U.S. livestock: CME live cattle fade before holiday

(Photo courtesy Canada Beef Inc.)

Chicago | Reuters –– Chicago Mercantile Exchange live cattle futures fell modestly on Friday, following this week’s cheaper cash prices and the potential for further declines next week, traders said.

The CME will be closed on Monday in observance of the U.S. Presidents Day holiday.

Packers in the U.S. Plains this week paid $128-$134/cwt for market-ready, or cash, cattle that last week brought as much as $136, said feedlot sources (all figures US$).

Processors curbed cash spending while grappling with poor profits and seasonally slack wholesale beef sales.

The morning’s wholesale choice beef price slipped 35 cents/cwt from Thursday, to $216.67. Select cuts dropped $1, to $213.27, the U.S. Department of Agriculture said.

Beef packer margins for Friday averaged a negative $42.45 per head, compared with a negative $36.75 for Thursday, as calculated by HedgersEdge.com.

CME live cattle futures could not sustain early-session short-covering gains despite the U.S. stock market rally, sparked by the turnaround in oil prices.

“The cash market will stay on the defensive, at least until packers get some sort of margin around them again. And concern over global economic slowdown seems to be weighing on the cattle,” said Archer Financial Services broker Dennis Smith.

February live cattle closed down 0.175 cent/lb. to 129.95 cents, and April ended 0.4 cent lower at 129.125 cents.

Soft live cattle futures weakened CME feeder cattle contracts. March closed down 0.225 cents/lb., to 150.025 cents.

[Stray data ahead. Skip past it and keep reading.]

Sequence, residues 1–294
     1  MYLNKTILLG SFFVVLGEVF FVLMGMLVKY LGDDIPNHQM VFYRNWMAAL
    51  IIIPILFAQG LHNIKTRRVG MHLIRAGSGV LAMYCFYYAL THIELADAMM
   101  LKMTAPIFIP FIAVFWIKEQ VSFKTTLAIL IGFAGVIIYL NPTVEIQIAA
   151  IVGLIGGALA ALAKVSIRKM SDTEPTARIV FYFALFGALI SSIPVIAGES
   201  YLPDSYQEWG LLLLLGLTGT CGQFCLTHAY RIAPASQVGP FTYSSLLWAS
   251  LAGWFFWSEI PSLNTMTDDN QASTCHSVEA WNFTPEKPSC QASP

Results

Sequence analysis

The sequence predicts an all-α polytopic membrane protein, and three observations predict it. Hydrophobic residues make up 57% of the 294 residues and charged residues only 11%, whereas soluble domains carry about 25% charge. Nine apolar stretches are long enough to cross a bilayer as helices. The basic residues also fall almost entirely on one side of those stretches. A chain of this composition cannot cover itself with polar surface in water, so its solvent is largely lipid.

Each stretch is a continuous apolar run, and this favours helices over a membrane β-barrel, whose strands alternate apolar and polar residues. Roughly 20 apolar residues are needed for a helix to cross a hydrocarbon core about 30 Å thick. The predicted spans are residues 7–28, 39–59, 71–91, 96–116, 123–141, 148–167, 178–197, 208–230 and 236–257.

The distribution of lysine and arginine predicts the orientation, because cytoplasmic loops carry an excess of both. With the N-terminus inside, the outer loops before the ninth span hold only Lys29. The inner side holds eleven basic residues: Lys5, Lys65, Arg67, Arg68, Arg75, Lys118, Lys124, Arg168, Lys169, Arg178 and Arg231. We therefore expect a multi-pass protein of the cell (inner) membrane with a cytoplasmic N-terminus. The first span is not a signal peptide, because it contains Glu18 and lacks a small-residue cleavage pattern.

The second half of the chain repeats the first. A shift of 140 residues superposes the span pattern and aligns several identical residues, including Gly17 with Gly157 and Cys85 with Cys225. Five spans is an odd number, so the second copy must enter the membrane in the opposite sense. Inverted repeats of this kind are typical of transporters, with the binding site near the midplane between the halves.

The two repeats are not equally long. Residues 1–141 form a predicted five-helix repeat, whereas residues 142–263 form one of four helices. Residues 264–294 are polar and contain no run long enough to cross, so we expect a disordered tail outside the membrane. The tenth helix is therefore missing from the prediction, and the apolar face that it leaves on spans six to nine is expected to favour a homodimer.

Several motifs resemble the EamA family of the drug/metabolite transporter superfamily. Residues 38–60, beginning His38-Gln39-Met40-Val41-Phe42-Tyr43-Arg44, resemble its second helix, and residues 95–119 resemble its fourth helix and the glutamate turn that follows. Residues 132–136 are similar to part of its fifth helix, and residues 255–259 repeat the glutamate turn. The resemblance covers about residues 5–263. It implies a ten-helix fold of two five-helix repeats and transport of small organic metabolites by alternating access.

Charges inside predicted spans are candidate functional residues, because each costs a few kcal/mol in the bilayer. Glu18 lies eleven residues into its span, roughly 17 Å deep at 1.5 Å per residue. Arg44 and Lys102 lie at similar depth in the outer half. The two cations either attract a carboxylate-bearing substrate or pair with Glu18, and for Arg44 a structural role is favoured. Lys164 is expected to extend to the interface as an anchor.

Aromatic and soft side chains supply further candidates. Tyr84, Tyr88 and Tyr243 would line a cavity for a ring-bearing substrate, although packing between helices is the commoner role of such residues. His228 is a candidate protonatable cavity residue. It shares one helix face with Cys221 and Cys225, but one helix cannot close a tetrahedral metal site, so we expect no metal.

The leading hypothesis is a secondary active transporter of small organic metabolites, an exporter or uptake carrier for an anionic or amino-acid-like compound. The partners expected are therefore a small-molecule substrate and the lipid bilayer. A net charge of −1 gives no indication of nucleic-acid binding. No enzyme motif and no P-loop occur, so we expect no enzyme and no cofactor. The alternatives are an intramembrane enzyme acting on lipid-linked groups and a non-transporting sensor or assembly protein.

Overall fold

Lean hogs end higher

CME’s February lean hog contract, which expired at noon CT, settled up 0.425 cent/lb. at 65.95. It almost matched the exchange’s hog index for Feb. 10 at 65.6 cents.

Other trading months drew strength from investors that bought those contracts and at the same time sold CME live cattle futures.

Lean hog fundamentals are more supportive and less vulnerable to stock market volatility than live cattle futures, traders and analysts said.

The morning’s wholesale pork price was up 38 cents/cwt from Thursday to $75.90, USDA said.

Cash hogs around the U.S. Midwest on Friday morning traded mostly steady with supplies sufficient enough for packer demand, dealers said.

Fund buying developed after April and May broke through their respective 10-day moving averages of 69.6 cents and 76.1 cents.

April closed 0.925 cent higher at 70.375 cents, and May finished 0.625 cent higher at 76.275 cents.

Theopolis Waters reports on livestock markets for Reuters from Chicago.

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